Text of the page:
MAF pilots take a treacherous trek to provide a missionary with a much-needed vehicle
“The lore with MAF pilots was, you got a cup of coffee with Merrill if you came to the airstrip,” said MAF mechanic Roger Clark.
And it was true. MAF pilots always looked forward to visiting with Merrill, a missionary with Africa Inland Missionary (AIM) in a remote mountain village in Lesotho. Merrill lived right by the airstrip, a five-minute walk away, and she always had a cup of coffee and cookies waiting for the pilot.
A few years ago, Merrill moved to an even more remote village. Her new home is a 40-minute walk to the airstrip—where she goes regularly to meet the plane that brings in supplies.
“She would send mail out. We would bring in food, gas … anything you could need to live in a village we would bring to her there,” added Clark.
Getting to the airstrip and carting things home in backpacks was not easy for Merrill. After living and serving in the mountains of Lesotho for 18 years, her hips are so wrecked she has to rely on crutches. The MAF pilots who fly out there wanted to help so they devised a plan.
Chief Pilot Danny Hulls spearheaded fundraising efforts to purchase a four-wheeler for Merrill, so she could easily get around on the rugged mountain paths. The project was especially poignant to him as the majority of funding came from memorial gifts in honor of his mother, Cheryl Hulls, who passed away a year ago February. Other gifts came from former Lesotho missionaries who knew Merrill, and from her supporting churches in South Africa. Once the funds were raised, Danny and the other pilots traveled to South Africa and purchased a Yamaha Grizzly 350.
The only question that remained was how to get it to Merrill, who lived a good eight-hour drive away now—half of that on paved road, the other half on dirt. The four-wheeler was much too big to fit in one of the 206s. The only way to get it there was to drive it.
So Danny, Roger, Melvin Peters, an MAF Canada pilot, and a visiting friend with a sense of adventure, set out on two motorcycles and the four-wheeler loaded with supplies. They brought along their own stuff as well as some food for Merrill.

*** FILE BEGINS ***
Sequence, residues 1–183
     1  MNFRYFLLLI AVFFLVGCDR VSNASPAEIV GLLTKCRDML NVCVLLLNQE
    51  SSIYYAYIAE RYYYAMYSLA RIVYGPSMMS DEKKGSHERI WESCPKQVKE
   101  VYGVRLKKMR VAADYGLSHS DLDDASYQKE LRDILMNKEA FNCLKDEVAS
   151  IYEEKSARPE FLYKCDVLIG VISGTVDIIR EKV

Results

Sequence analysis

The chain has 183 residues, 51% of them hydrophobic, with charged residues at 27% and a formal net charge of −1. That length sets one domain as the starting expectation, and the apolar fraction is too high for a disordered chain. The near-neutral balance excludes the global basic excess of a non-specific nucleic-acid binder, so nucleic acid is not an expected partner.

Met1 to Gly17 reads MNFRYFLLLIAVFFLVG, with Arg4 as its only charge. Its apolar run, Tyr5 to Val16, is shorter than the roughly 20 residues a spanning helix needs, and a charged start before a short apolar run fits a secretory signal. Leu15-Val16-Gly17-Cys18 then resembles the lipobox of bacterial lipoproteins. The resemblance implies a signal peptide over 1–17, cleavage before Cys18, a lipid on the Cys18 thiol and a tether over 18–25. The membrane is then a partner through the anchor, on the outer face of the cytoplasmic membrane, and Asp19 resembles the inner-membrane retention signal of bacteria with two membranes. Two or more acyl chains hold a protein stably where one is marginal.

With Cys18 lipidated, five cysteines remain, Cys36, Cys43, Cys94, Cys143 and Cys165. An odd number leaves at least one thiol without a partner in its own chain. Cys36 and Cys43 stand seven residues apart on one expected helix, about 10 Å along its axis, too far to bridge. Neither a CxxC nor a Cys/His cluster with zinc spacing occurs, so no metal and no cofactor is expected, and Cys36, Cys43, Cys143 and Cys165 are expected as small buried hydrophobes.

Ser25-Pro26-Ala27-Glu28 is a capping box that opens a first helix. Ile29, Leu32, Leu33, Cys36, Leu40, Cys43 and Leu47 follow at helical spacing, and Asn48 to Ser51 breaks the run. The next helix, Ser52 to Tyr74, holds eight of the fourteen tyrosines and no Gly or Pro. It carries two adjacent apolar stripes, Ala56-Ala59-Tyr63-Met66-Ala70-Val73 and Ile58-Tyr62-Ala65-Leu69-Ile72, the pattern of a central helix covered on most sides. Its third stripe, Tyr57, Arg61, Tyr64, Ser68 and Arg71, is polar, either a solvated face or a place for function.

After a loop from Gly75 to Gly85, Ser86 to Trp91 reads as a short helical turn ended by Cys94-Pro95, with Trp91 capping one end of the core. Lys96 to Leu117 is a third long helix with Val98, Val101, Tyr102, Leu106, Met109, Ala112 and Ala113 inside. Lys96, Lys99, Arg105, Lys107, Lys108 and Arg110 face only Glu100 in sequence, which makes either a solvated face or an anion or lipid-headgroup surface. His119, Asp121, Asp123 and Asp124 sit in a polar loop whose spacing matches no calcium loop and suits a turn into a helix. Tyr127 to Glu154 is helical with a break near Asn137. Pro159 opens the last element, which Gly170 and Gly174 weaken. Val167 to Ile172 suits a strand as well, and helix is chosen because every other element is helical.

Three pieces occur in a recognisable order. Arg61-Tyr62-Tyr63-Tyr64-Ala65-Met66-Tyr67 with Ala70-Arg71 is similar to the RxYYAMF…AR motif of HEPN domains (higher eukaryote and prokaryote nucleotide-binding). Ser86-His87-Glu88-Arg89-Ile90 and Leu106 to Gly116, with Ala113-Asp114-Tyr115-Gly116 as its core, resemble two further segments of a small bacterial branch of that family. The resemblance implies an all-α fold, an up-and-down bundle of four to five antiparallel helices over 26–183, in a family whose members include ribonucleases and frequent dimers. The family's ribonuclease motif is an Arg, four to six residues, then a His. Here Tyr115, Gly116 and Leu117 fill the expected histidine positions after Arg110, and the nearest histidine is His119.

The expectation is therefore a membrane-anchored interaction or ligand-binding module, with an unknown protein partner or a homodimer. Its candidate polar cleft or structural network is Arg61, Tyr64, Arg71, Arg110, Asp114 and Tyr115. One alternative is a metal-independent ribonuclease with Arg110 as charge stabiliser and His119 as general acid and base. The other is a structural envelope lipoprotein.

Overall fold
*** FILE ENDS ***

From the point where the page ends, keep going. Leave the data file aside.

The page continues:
Some of the dirt paths were pretty treacherous, and, of course, there was a breakdown along the way—a problem with the radiator on one of the motorcycles. But finally, the group rolled in shortly after dark, headlamps and headlights barely making a dent in the darkness.
The team gave Merrill some lessons so she could maneuver her new four-wheeler safely. And of course, being MAF pilots, they had modified it. The guys built a large cargo box to attach to the back, so she had a way to carry her supplies from the airstrip to her home. They even added a place to store her crutches.
Since she’s been using the four-wheeler, Merrill says her hips are hurting less.
Danny, Roger, and the other MAF staff are glad they’ve been able to support Merrill all these years as she lives among the Basotho people and leads them to Christ. Whether it’s installing an antenna for the HF radio, which she uses to communicate with MAF, or a solar panel installation to charge the radio’s battery … MAF pilots and mechanics have been there to help with odd projects and offer encouragement.
And the pilots made sure to include a coffee bar on the four-wheeler. Well, not exactly, but they did add a drop-down table to the cargo box, along with a 12-volt takeoff from the battery and a travel kettle so she can once again make coffee for the visiting pilots.